Ranque B, Authier FJ, Le-Guern V, Pagnoux C, Berezne A, Allanore Y, Launay D, Hachulla E, Kahan A, Cabane J, Gherardi R, Guillevin L, Mouthon L: A descriptive and prognostic study of systemic sclerosis-associated myopathies. Ann Rheum Dis. 2009, 68: 1474-1477. 10.1136/ard.2008.095919.
Cherin P, Herson S, Weschler B, Piette JC, Bletry O, Ziza JM, Degennes C, Godeau P: Intravenous immunoglobulin in polymyositis and dermatomyositis. Lancet. 1990, 336: 518-
Cherin P, Herson S, Weschler B, Piette JC, Bletry O, Coutellier A, Ziza JM, Godeau P: Efficacy of intravenous gammaglobulin therapy in chronic refractory polymyositis and dermatomyositis: An open study with 20 adult patients. Am J Med. 1991, 91: 162-168. 10.1016/0002-9343(91)90009-M.
Rider LG, Miller FW: Laboratory evaluation of the inflammatory myopathies. Clin Diagn Lab Immunol. 1995, 2: 1-9.
Preliminary criteria for the classification of systemic sclerosis (scleroderma). Subcommittee for scleroderma criteria of the American Rheumatism Association Diagnostic and Therapeutic Criteria Committee. Arthritis Rheum. 1980, 23: 581-590. 10.1002/art.1780230510.
LeRoy EC, Black C, Fleischmajer R, Jablonska S, Krieg T, Medsger TA, Rowell N, Wollheim F: Scleroderma (systemic sclerosis): classification, subsets and pathogenesis. J Rheumatol. 1988, 15: 202-205.
Medical Research Council. Aids to examination of the peripheral nervous system. Memorandum no. 45. 1976, London: Her Majesty's Stationary Office
Paternostro-Sluga T, Grim-Stieger M, Posch M, Schuhfried O, Vacariu G, Mittermaier C, Bittner C, Fialka-Moser V: Reliability and validity of the Medical Research Council (MRC) scale and a modified scale for testing muscle strength in patients with radial palsy. J Rehabil Med. 2008, 40: 665-671. 10.2340/16501977-0235.
Kendall FP, McCreary EK, Provance PG: Muscles: Testing and Function. 1993, Baltimore: Williams and Wilkins, 4
Rider LG, Koziol D, Giannini EH, Jain MS, Smith MR, Whitney-Mahoney K, Feldman BM, Wright SJ, Lindsley CB, Pachman LM, Villalba ML, Lovell DJ, Bowyer SL, Plotz PH, Miller FW, Hicks JE: Validation of manual muscle testing and a subset of eight muscles for adult and juvenile idiopathic inflammatory myopathies. Arthritis Care Res (Hoboken). 2010, 62: 465-472. 10.1002/acr.20035.
Clements PJ, Furst DE, Campion DS, Bohan A, Harris R, Levy J, Paulus HE: Muscle disease in progressive systemic sclerosis: diagnostic and therapeutic considerations. Arthritis Rheum. 1978, 21: 62-71. 10.1002/art.1780210111.
Bohan A, Peter JB: Polymyositis and dermatomyositis (second of two parts). N Engl J Med. 1975, 292: 403-407. 10.1056/NEJM197502202920807.
Bohan A, Peter JB: Polymyositis and dermatomyositis (first of two parts). N Engl J Med. 1975, 292: 344-347. 10.1056/NEJM197502132920706.
Hanke K, Bruckner CS, Dahnrich C, Huscher D, Komorowski L, Meyer W, Janssen A, Backhaus M, Becker M, Kill A, Egerer K, Burmester GR, Hiepe F, Schlumberger W, Riemekasten G: Antibodies against PM/Scl-75 and PM/Scl-100 are independent markers for different subsets of systemic sclerosis patients. Arthritis Res Ther. 2009, 11: R22-10.1186/ar2614.
Oddis CV, Okano Y, Rudert WA, Trucco M, Duquesnoy RJ, Medsger TA: Serum autoantibody to the nucleolar antigen PM-Scl. Clinical and immunogenetic associations. Arthritis Rheum. 1992, 35: 1211-1217. 10.1002/art.1780351014.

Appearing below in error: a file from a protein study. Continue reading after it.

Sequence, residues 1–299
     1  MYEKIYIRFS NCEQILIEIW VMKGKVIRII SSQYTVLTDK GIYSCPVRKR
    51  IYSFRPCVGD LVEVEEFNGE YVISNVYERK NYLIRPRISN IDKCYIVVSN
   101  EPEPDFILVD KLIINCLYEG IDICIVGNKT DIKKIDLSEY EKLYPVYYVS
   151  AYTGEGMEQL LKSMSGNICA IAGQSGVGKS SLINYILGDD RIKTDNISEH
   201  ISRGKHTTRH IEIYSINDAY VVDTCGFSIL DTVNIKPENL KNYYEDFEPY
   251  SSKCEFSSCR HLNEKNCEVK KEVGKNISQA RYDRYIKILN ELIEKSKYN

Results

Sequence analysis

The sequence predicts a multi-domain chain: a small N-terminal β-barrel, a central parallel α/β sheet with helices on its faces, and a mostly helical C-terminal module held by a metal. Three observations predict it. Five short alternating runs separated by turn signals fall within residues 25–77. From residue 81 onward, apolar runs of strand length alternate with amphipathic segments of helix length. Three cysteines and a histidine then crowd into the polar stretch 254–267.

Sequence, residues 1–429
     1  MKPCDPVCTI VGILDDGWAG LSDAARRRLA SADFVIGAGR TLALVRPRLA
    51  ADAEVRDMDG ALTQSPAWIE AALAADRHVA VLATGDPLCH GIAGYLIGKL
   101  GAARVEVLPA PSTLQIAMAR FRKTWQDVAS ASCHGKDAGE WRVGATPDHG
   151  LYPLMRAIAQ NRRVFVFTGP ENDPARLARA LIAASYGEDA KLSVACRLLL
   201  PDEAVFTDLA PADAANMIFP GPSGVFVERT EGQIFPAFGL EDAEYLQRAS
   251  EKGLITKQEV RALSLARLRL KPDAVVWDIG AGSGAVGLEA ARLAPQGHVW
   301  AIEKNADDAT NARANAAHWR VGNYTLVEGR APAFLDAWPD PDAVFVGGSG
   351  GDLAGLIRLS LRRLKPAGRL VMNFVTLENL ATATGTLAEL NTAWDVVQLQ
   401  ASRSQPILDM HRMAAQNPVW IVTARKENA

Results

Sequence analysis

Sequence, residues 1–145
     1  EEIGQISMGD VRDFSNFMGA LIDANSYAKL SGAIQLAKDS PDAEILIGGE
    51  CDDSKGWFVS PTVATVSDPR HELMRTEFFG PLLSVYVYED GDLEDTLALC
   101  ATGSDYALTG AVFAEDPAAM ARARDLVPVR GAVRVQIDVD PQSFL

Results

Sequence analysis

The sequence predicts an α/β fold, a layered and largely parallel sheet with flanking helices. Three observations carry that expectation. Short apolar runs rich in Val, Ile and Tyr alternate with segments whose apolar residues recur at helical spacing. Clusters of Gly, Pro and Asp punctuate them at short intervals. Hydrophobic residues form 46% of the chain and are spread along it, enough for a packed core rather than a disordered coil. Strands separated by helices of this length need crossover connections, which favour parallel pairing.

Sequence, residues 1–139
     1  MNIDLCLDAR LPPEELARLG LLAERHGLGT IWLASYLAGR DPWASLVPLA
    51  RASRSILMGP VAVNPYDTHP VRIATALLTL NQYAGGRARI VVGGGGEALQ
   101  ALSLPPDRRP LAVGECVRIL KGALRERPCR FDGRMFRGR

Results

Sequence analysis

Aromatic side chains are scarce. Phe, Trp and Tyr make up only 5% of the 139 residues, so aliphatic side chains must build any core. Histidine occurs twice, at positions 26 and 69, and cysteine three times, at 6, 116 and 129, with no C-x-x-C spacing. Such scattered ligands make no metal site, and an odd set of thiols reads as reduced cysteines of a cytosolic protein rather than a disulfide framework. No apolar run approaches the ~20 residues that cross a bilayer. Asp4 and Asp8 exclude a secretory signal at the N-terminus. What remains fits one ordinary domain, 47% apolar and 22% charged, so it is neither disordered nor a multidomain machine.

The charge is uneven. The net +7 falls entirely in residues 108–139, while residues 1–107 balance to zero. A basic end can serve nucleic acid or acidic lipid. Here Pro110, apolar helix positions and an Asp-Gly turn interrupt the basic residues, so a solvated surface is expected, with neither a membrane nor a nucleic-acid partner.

Reichlin M, Maddison PJ, Targoff I, Bunch T, Arnett F, Sharp G, Treadwell E, Tan EM: Antibodies to a nuclear/nucleolar antigen in patients with polymyositis overlap syndromes. J Clin Immunol. 1984, 4: 40-44. 10.1007/BF00915286.
Mierau R, Moinzadeh P, Riemekasten G, Melchers I, Meurer M, Reichenberger F, Buslau M, Worm M, Blank N, Hein R, Müller-Ladner U, Kuhn A, Sunderkötter C, Juche A, Pfeiffer C, Fiehn C, Sticherling M, Lehmann P, Stadler R, Schulze-Lohoff E, Seitz C, Foeldvari I, Krieg T, Genth E, Hunzelmann N: Frequency of disease-associated and other nuclear autoantibodies in patients of the German Network for Systemic Scleroderma: correlation with characteristic clinical features. Arthritis Res Ther. 2011, 13: R172-10.1186/ar3495.
Marie I, Lahaxe L, Benveniste O, Delavigne K, Adoue D, Mouthon L, Hachulla E, Constans J, Tiev K, Diot E, Levesque H, Boyer O, Jouen F: Long-term outcome of patients with polymyositis/dermatomyositis and anti-PM-Scl antibody. Br J Dermatol. 2010, 162: 337-344. 10.1111/j.1365-2133.2009.09484.x.
D'Angelo WA, Fries JF, Masi AT, Shulman LE: Pathologic observations in systemic sclerosis (scleroderma). A study of fifty-eight autopsy cases and fifty-eight matched controls. Am J Med. 1969, 46: 428-440. 10.1016/0002-9343(69)90044-8.
Avouac J, Airo P, Dieude P, Caramaschi P, Tiev K, Diot E, Sibilia J, Cappelli S, Granel B, Vacca A, Wipff J, Meyer O, Kahan A, Matucci-Cerinic M, Allanore Y: Associated autoimmune diseases in systemic sclerosis define a subset of patients with milder disease: results from 2 large cohorts of European Caucasian patients. J Rheumatol. 2010, 37: 608-614. 10.3899/jrheum.090815.
We would like to thank Mr. Damien Guillaume and Mrs. Sylvie Ventura for their assistance in this study.
The authors do not have a financial relationship with a commercial entity that has an interest in the subject of this manuscript.
CT and KPT had full access to all of the data in the study and take responsibility for the integrity of the data and the accuracy of the data analysis. CT, MG, AK, BB, CJ, PC, SR, JC and KPT were responsible for study conception and design. CT, MG, AK, BB, CJ, PC, SR, JC and KPT were responsible for the acquisition of data. CT, MG, AK, BB, CJ, PC, SR, JC and KPT were responsible for the analysis and interpretation of data. All authors were involved in drafting the article or revising it critically for important intellectual content, and all authors approved the final version to be submitted for publication.